Illinois Whig Legislators to Zachary Taylor, 1 January 18491Springfield Jany. 1st 1849To His Excellency Genl[General] Zachary Taylor
The Undersigned members of the Legislature of the State of Illinois, take great pleasure in tendering to your Excellency, on behalf of near a Million of free people, our sincere Congratulations on your Elevation to the Presidency of this great and growing Republic—and to express our confidence in your ability and determination to give to the Country an administration that shall secure the permanent welfare & prosperity of the whole Union.
Entertaining the Opinion that in the formation of your Cabinet your Excellency may feel disposed to select One from the free States of the North West; we would most respectfully direct your attention to our distinguished fellow Citizen Col.[Colonel] E. D. Baker, as a Gentleman every way qualified to render you that assistance in the Administration of the government, which you have a right to expect from a Cabinet Minister. Should your Excellency see proper to confer so great a distinction upon Col. Baker, it would be highly gratifying to your friends in this State,With sentiments of high Consideration, we remain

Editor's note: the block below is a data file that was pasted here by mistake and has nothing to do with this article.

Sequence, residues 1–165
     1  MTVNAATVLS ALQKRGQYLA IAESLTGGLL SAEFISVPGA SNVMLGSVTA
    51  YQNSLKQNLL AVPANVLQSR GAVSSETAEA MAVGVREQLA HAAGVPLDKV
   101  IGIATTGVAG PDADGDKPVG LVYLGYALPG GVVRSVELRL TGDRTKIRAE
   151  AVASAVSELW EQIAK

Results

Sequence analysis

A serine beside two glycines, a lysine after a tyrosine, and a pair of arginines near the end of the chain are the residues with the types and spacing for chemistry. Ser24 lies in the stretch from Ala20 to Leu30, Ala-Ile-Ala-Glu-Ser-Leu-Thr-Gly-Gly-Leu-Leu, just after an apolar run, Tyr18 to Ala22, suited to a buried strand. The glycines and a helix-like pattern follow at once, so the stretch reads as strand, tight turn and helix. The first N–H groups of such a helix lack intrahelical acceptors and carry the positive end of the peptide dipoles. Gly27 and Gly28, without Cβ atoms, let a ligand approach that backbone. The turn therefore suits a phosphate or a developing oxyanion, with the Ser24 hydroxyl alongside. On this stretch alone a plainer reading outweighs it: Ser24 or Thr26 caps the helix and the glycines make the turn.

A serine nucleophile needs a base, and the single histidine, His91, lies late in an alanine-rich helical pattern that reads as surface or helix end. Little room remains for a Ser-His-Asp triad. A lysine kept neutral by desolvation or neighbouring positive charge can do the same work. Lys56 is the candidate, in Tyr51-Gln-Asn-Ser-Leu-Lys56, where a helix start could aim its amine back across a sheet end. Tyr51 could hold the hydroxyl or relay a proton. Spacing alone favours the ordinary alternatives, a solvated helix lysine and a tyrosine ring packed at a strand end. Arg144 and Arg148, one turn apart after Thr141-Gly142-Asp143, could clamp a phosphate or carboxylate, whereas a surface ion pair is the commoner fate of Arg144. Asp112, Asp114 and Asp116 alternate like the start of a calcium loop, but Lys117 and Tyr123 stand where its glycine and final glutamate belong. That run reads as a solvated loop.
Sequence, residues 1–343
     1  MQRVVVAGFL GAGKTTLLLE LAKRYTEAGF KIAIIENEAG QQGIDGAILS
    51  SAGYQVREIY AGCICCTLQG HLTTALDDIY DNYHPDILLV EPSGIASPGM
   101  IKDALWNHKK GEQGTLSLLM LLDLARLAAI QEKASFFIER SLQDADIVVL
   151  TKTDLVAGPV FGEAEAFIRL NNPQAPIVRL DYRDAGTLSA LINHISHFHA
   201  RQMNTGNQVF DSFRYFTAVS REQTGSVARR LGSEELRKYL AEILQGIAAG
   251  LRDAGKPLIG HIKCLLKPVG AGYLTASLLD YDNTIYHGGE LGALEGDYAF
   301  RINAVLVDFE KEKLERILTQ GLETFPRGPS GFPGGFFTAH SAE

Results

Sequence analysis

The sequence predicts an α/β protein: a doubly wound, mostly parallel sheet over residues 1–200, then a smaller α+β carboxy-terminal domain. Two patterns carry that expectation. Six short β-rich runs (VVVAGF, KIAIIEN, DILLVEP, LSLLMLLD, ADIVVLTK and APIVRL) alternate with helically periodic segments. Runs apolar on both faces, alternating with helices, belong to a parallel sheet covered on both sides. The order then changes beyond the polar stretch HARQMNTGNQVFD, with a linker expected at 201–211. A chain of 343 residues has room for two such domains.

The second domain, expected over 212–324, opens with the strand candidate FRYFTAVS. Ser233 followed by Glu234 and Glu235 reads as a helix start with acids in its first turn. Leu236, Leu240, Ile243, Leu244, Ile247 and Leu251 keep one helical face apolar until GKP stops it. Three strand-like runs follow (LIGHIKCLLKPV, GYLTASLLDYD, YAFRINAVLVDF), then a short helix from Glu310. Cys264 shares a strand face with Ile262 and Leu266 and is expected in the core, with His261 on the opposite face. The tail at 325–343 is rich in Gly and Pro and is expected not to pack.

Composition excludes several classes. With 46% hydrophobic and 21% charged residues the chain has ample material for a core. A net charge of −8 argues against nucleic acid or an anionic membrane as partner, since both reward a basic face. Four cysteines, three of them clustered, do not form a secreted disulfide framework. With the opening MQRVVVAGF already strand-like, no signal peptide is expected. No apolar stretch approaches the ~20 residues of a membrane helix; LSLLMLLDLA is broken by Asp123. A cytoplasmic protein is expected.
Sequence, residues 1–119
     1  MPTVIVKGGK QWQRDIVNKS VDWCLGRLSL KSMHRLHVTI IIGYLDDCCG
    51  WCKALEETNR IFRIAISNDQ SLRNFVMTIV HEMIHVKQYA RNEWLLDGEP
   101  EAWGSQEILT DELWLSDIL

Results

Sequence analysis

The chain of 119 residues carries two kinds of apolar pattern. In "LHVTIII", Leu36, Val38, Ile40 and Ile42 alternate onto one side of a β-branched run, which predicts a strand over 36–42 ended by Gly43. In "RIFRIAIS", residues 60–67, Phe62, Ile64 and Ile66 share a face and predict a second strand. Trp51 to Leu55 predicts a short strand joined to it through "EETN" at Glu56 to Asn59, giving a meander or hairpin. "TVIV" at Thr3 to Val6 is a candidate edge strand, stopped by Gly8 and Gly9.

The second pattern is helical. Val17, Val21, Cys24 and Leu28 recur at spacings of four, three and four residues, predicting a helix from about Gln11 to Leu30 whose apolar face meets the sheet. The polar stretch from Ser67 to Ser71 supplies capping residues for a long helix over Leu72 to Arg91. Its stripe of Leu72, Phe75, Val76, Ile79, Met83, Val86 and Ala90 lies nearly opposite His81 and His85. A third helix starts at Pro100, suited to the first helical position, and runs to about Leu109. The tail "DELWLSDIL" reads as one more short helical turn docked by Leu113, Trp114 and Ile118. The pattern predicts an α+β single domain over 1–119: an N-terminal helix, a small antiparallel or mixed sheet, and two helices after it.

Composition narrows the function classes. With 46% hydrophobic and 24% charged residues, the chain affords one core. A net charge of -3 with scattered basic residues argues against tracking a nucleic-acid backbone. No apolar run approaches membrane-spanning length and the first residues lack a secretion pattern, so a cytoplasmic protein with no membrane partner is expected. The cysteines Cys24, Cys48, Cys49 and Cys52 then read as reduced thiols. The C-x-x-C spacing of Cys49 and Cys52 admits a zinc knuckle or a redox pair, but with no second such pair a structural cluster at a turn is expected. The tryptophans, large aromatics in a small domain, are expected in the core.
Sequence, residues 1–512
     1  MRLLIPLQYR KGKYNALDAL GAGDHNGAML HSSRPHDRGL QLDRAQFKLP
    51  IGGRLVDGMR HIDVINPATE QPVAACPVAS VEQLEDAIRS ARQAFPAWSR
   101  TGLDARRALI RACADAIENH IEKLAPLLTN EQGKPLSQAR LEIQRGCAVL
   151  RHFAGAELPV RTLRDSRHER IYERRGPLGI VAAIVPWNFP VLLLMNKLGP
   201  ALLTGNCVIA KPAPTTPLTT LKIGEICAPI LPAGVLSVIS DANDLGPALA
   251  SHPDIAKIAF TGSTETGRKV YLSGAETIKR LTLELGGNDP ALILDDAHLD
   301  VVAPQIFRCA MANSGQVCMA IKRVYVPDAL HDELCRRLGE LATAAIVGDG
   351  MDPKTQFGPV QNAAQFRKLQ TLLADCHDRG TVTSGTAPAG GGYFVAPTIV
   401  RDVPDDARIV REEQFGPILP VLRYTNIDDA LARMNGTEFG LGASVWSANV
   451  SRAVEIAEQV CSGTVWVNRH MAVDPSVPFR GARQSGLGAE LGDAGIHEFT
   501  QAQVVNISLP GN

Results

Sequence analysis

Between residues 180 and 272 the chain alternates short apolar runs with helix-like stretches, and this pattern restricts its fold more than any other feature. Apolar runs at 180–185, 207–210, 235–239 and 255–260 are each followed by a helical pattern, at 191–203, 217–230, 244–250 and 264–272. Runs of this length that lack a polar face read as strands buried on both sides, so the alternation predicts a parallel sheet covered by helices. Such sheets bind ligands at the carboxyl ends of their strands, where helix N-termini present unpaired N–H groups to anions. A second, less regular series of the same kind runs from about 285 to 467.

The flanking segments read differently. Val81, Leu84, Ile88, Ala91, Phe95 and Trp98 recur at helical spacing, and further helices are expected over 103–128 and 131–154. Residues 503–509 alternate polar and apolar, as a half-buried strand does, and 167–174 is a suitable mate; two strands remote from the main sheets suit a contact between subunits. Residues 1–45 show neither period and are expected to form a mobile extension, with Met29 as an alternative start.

<Page 2>and in our opinion give very general satisfaction to the Whigs of this section of the Union.
Dear Sir Your friends
And Obdt.[Obedient] Servants(Signed by all the Whig members of the Legislature,)2
I have such evidence as enables me to say I know the within recommendation was signed by all the Whig members of the Illinois LegislatureA. Lincoln3
1Abraham Lincoln enclosed this petition in a letter to President Zachary Taylor along with similar petitions from Whig legislators from Iowa and Wisconsin.
2There were thirty Whigs in the Illinois General Assembly--eight in the Senate, and twenty-two in the House of Representatives.
Illinois Journal (Springfield), 13 September 1848, 3:2.
3Lincoln wrote and signed this endorsement.
President Zachary Taylor did not offer Baker a cabinet position. Like his predecessor James K. Polk, Taylor apportioned his cabinet selections geographically. Thomas Ewing of Ohio represented the “Old Northwest” as secretary of the interior.
Elbert B. Smith, The Presidencies of Zachary Taylor and Millard Fillmore (Lawrence: University Press of Kansas, 1988), 52-55; Paul H. Bergeron, The Presidency of James K. Polk (Lawrence: University Press of Kansas, 1987), 23-24.
Handwritten Document, 2 page(s), RG 59, Entry 760: Appointment Records, Applications and Recommendations for Office, Applications and Recommendations for Public Office, 1797-1901, NACP.